1. This is an appeal against an order by which the District Judge, in concurrence with the Court of first instance, has directed execution of a decree for money by the appointment of a Receiver. The respondent obtained a decree for money against the appellant as trustee of a wakf estate. In execution of that decree, the trust estate obviously cannot be sold. Payments have been made from time to time towards the satisfaction of the judgment debt but a considerable sum is still due. On the 16th April 1912 the judgment debtor paid Rs. 100 to the decree-holder and obtained an adjournment of the execution proceeding, on condition that the balance would be paid in the following month and in default of payment, he would raise no objection to the appointment of a Receiver. On the 16th May 1912 the judgment debtor defaulted to pay the money, and the Subordinate Judge accordingly appointed a Receiver. The judgment-debtor thereupon appealed to the District Judge, but to no effect. The order is new assailed before us on two grounds, first, that a Receiver should not have been appointed; and secondly, that the person appointed as Receiver is not suitable.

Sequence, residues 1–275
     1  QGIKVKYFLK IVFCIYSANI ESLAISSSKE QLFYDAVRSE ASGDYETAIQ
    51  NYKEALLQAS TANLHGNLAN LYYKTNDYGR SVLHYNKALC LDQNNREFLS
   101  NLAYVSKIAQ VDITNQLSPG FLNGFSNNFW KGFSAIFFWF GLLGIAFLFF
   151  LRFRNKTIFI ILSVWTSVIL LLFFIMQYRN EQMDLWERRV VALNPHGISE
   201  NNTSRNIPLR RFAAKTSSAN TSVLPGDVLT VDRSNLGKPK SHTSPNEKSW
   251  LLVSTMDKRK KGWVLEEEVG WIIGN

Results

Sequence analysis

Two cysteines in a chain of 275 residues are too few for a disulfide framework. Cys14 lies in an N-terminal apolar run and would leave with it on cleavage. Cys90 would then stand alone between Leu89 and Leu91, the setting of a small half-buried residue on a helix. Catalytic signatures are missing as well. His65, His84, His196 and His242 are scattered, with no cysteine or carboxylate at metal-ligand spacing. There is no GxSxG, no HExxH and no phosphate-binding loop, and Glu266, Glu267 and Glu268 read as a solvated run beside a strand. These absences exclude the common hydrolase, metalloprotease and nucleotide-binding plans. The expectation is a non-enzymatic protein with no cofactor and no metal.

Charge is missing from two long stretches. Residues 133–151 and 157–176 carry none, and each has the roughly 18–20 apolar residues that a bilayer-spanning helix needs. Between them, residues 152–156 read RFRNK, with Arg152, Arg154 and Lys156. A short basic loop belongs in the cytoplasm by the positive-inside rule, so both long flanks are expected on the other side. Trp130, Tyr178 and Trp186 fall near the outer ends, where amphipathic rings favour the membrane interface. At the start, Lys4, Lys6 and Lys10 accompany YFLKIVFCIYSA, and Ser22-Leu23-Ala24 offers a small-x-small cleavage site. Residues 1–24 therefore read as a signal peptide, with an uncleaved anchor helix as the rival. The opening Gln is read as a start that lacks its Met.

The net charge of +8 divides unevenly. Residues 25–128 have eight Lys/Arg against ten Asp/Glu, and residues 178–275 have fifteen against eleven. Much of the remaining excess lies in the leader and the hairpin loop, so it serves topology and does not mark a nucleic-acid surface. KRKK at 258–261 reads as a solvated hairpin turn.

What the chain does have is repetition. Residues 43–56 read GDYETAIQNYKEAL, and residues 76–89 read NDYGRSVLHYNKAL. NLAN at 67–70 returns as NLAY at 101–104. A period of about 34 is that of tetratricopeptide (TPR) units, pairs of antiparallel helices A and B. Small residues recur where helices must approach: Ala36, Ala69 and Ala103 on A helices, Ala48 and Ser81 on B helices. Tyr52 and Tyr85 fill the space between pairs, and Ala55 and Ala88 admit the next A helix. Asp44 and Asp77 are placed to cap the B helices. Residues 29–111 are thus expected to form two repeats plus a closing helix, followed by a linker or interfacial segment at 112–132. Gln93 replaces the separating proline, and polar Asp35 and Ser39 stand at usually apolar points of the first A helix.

2. In so far as the first point is concerned, it is manifest that the judgment debtor was not competent to appeal to the District Judge on that ground at all. The order of the Subordinate Judge was made by consent of parties. It is well settled, as laid down in the case of Biraj Mohini Dasi v. Chinta Moni Dasi 5 C.W.N. 877, that an order made by consent of parties is not liable to be challenged by way of appeal: See also South American and Mexican Company, In re, Bank of England, Ex parte (1895) 1 Ch. 37 : 12 R. 1 : 71 L.T. 594 : 43 W. R. 131, Huddersfield Banking Co. v. Lister (1895) 2 Ch. 273 : 64 L.J. Ch. 523 : 12 R. 331 : 72 L.T. 703 : 43 W.R. 567, Ainsworth v. Wilding (1896) 1 Ch. 673 : 65 L.J. Ch. 432 : 74 L.T. 193 : 44 W.R. 540, Wilding v. Sanderson (1897) 2 Ch.534 : 66 L.J. Ch. 684 : 77 L.T. 57 : 45 W.R. 675. That principle is now embodied in sub Section 3 of Section 96 of the Code of 1908. It has been suggested, however, that the order was not made by consent of parties, because the Pleader who assented to it, exceeded his authority. There is no substance in this contention. The vakalatnama shows that the Pleader had the necessary authority. But even if authority in this behalf was not expressly conferred upon him, it is manifest that as the Pleader in charge of the case, he was competent to consent to an order of this description: Venkata Narasimha Naidu v. Bhashyakarlu Naidu 22 M. 538 : 8 Ind. Dec. (N.S.) 384. It is further clear that as the judgment-debtor has taken advantage of the order of the 16th April 1912, he cannot be permitted to turn round subsequently and to repudiate it. Besides, as a sum of money was paid on his behalf to the decree-holder on that date, it is fairly obvious that he himself must have agreed to the order subsequently made. We are further of opinion that the order for the appointment of a Receiver is manifestly right on the merits. No doubt, it has been suggested that a Court should not appoint a Receiver in respect of trust property. Now it may be conceded, as was laid down in Smith v. Smith (1836) 2 Y.C. Ex. 353 at p. 361 : 6 L.J. Ex. 70 : 160 E.R. 433, that a strong case must be made out to induce the Court to dispossess a trustee or executor who is willing to act. It need not also be disputed, as was laid down in Whitworth v. Whyddon (1850) 2 Mac. & G. 52 : 2 H. & Tw. 445 : 14 Jur. 142 : 42 E.R. 21 : 86 R.R. 20, that if there is no danger to property and no fact is in evidence to show the necessity of interferenes by appointing a Receiver, the Court will not appoint one. These principles, however, are of no assistance to the appellant. Here the decree has to be executed. The trust property admittedly cannot be sold. The only method by which the judgment debtor may be compelled to satisfy the claim of the execution creditor is by the appointment of a Receiver. Under these circumstances, there can be no question that the appointment of a Receiver is not merely permissible, but is really the only proper remedy: Nemai Chand Adhya v. Mir Golan Hossein 3 Ind. Cas. 353 : 37 C. 179 : 11 C.L.J. 317 : 14 C.W.N. 535. The first contention of the appellant, therefore, fails.